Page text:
BOLOGNA, Italy — Which country is hot in the summer, good at football and a political basket case? Italy?
No, Britain (OK, England in the football).
There was a time, not too long ago, when British politics was decisive and Italian politics was fractious. Things have changed.
In the U.K., Prime Minister Theresa May is suffering the slings and arrows of warring factions within her Conservative Party. Her government relies on a tenuous confidence and supply relationship with the tiny Democratic Unionist Party.
Italy’s prime minister, Giuseppe Conte, by comparison, looks strong and stable, with the support of a clear two-party majority that has gained about 10 percent in popularity since the March election — and that’s despite a bridge collapsing in Genoa.
The irony is that, in the most recent votes in both Britain and Italy, neither electoral system worked as expected.
Both governments face steep challenges: May is struggling to come up with a solution to Brexit that will find support both at home and abroad; Conte wants to make ambitious tax cuts and spending commitments while staying within the boundaries of market expectations and European Union requirements.
Of course, Italy may only look calm because it is in the eye of the storm, while Britain is out there battling the tempest. But it’s worth looking at the two countries and their electoral systems, and what those tell us about where they might be headed in the future.
First, let’s clear away some misconceptions.
Italian politics may appear to be the more kaleidoscopic, but there are in fact only seven parliamentary groups in the Italian chamber of deputies and six in the senate. Meanwhile, in the U.K. there are nine political parties that can claim seats in Westminster. (In 2015, there were briefly 12.)
Of course, most of the parties in Westminster have too few seats to really matter, and if we discount those smaller groups, the “effective” number of political parties in Westminster is 2.5.
In Italy, the effective number in the two chambers is about 4.5.
The different numbers of effective parties force the British and the Italians into different patterns of party politics. The two largest parties in the British parliament have been powerful enough not to have to work together, but the two largest parties in the Italian parliament have had no alternative but to seek out allies.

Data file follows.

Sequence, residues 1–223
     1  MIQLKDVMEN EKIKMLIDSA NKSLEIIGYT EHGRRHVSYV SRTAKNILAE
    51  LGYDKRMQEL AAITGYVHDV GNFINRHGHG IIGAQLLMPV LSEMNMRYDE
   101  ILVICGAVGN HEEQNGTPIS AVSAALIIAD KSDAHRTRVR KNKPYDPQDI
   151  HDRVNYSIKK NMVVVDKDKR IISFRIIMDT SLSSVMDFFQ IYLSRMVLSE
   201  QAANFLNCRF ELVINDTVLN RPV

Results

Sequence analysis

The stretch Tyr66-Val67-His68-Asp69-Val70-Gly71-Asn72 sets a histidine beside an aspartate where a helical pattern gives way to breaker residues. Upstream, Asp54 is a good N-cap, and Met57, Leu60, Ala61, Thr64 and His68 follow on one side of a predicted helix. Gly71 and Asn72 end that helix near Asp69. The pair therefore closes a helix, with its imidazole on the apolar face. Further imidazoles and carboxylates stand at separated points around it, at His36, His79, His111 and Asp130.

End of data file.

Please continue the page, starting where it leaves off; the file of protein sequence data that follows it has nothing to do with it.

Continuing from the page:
This is mostly the result of electoral design. In a British election, the candidate with the most votes in a single-member district wins. Since there’s little incentive to vote for a party that won’t make the cut, the system polarizes the vote between the two largest political parties.
In Italy, only about one-third of parliamentary seats are contested in first-past-the-post votes. The rest are allocated among parties roughly proportionately to how well the different parties or electoral coalitions did in the polls.
The Italian system is intended to force political parties to form coalitions. Indeed, Italy’s electoral law was all-but-explicitly designed to create incentives for the country’s fractious parties on the left and right to overcome their differences and keep the 5Star Movement out of government.
The U.K.’s electoral system is struggling to accommodate the two deep cross-cutting divisions.
The irony is that, in the most recent votes in both Britain and Italy, neither system worked as expected.
Britain’s first-past-the-post electoral system did concentrate the vote on the two largest political parties. But it did not deliver either the Conservatives or Labour a workable majority, forcing May to rely on the DUP.
In Italy, meanwhile, the system only half worked. The right did form a pre-election coalition. But on the left, political parties turned on one another rather than present a united front to the electorate.
Meanwhile, the 5Stars did unexpectedly well in the south of the country, while the League, the junior partner in the center-right coalition, succeeded in capitalizing on its entrenched presence in the north. Ultimately they decided to form a government.
How long it will last is anybody’s guess. The two parties don’t have much in common — apart from an unruly and disruptive streak coupled with an intense loathing of the political center. The two forces deviate on everything from taxes and spending to social policy and immigration. It would be more natural for them to represent political alternatives than a united front.
And that might eventually happen. If the government decreases the number of seats in parliament and increases the number allocated through first past-the-post districts, the new system would be similar to the U.K.’s, favoring two dominant, competing parties. The resulting polarization may very well drive the League and 5Stars apart.
How the British political system will develop is harder to anticipate. The country is split in two directions: between Labour and the Conservatives, yes, but also between Leave and Remain.
These attitudes to Brexit cut across traditional party lines, and it’s becoming painfully obvious that that the country’s electoral system is struggling to accommodate the two deep cross-cutting divisions.
Have Britain and Italy definitively traded places? It’s too early to tell. But it’s clear that we can no longer count on politics in either country being as it was before.
Erik Jones is director of European and Eurasian studies at Johns Hopkins University’s School of Advanced International Studies.